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Narrative skill and testimonial accuracy in typically developing children and those with intellectual disabilities

Research output: Contribution to journalJournal article

<mark>Journal publication date</mark>1/09/2018
<mark>Journal</mark>Applied Cognitive Psychology
Issue number5
Number of pages11
Pages (from-to)550-560
Publication statusPublished
Early online date27/06/18
Original languageEnglish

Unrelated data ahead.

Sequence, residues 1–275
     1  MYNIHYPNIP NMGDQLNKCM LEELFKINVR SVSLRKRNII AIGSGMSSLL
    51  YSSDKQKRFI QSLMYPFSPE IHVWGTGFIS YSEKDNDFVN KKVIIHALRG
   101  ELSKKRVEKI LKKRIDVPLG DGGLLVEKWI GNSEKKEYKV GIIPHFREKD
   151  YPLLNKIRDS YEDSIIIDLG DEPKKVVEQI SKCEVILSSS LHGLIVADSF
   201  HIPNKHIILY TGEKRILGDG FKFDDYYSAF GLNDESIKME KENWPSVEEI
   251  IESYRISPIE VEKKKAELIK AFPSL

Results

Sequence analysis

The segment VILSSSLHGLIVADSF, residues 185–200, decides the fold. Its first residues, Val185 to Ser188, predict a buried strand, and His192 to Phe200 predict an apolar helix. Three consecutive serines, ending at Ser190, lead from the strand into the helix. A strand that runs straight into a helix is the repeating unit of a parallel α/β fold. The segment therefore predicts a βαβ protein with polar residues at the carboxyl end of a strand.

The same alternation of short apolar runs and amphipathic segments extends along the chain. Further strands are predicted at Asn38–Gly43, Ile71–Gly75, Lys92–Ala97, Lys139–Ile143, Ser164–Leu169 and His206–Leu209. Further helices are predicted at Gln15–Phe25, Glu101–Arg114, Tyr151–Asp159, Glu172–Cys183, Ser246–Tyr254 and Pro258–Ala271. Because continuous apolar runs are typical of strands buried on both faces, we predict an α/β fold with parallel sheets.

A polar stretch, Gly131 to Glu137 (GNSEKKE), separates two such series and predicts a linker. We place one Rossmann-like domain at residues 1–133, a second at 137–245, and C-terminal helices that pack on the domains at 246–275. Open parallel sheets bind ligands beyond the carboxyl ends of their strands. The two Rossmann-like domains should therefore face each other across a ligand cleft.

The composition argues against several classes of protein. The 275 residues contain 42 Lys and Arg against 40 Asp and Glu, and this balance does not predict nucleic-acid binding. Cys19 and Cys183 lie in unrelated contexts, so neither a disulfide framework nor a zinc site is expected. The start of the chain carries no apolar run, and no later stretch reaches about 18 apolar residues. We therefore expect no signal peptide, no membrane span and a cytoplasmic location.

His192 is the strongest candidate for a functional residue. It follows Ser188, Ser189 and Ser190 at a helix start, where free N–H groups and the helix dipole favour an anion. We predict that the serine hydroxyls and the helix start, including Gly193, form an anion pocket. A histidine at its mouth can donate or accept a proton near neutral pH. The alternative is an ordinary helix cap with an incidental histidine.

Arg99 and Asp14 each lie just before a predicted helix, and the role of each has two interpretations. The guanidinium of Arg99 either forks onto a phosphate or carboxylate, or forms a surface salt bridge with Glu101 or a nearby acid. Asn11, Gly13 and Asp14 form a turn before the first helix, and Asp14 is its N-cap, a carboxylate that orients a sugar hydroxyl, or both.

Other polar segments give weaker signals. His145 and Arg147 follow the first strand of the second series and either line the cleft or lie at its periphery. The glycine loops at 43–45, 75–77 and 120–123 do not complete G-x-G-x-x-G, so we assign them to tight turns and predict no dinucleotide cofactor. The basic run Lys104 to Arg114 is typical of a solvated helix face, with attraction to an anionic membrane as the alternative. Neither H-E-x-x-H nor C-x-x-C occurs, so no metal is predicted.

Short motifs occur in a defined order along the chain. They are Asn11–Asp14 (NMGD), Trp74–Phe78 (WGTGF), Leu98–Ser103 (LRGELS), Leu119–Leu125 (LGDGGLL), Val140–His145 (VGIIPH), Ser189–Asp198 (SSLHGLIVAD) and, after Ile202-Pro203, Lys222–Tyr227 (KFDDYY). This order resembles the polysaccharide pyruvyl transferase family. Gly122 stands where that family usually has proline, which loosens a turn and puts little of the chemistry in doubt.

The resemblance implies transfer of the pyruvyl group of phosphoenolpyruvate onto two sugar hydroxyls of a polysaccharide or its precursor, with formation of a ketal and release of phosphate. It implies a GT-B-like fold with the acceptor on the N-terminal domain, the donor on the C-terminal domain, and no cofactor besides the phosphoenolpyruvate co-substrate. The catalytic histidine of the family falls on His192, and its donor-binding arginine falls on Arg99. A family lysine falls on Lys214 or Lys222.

Children must describe maltreatment coherently for their testimony to be influential in court. We know little about how well children with intellectual disabilities (CWID) describe their experiences relative to typically developing (TD) children, despite CWID's vulnerability to maltreatment. We investigated children's reports of an experienced event and compared coherence in CWID (mild to moderate impairment: 7–11 years) with TD children matched for mental (4–10 years) or chronological age (7–11 years). All children included important markers of narrative coherence in their reports. Children with lower mental ages, particularly those with an intellectual disability, included fewer markers of narrative coherence in their reports than children with higher mental ages. Individual markers of narrative coherence, particularly recall of content, predicted accuracy of testimony and resistance to suggestion even when disability and mental age were taken into account. These findings highlight the importance of helping children to describe their experiences coherently.